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Tuesday, November 13, 2018

European and U.S. oil imports declining




European oil imports are declining for the second year running. Imports from three main sources (Europe, Middle East, Africa) are declining, whereas the share of European oil imports from the Former Soviet Union (FSU) has more than tripled since 1995 to 36.3% of the total, or 4.8 mbd.


The increase in supply from the FSU has more than compensated for the decline in North Sea oil production. European oil supply from its own sources peaked in 1998 when it amounted to 3.7 mbd or 28% of European oil imports. In 2007 it was 2.5mbd or 21% of European oil imports.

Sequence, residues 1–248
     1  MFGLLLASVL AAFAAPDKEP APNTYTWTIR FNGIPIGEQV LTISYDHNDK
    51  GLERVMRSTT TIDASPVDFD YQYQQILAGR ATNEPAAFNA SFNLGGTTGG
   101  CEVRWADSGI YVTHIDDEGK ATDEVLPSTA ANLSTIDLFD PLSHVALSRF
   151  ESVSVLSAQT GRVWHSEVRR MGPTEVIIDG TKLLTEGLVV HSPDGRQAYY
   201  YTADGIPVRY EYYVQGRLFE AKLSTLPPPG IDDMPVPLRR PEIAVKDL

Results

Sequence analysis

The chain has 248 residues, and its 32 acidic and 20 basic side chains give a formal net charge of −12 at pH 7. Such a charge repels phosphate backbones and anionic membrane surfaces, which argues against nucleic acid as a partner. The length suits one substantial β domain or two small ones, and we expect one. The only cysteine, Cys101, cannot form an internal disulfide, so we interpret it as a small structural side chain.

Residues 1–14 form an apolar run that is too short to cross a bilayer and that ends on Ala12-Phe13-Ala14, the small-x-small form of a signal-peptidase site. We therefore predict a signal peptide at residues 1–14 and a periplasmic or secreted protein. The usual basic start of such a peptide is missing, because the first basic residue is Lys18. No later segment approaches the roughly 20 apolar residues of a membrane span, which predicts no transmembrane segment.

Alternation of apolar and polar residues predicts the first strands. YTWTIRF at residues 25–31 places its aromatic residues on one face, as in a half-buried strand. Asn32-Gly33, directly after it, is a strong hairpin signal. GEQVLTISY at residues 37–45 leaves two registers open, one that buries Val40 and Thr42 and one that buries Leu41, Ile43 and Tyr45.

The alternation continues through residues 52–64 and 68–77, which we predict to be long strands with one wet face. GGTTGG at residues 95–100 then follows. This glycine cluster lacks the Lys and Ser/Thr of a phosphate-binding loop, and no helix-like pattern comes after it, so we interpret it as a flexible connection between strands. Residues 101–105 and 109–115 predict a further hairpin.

U.S. oil imports are also declining, and are projected to decline also in 2008. The supply from North American sources (Mexico and Canada) declined in 2007, after increasing for several years, compensating for the U.S. declining oil production. U.S. oil imports are expected to decline in 2008. Oil supplies to the U.S. from the Middle East, Europe and Africa are pretty much flat, whereas those from Venezuela and Ecuador have been rising somewhat.



The situation for the OECD Asian oil imports (S. Korea and Japan) differs from that of the U.S. and Europe because more than 80% of Asian oil imports are taken from the Middle East. South Korea and Japan have hardly any domestic oil production and only 8% is taken from Asia.


Contact: Erik Ranheim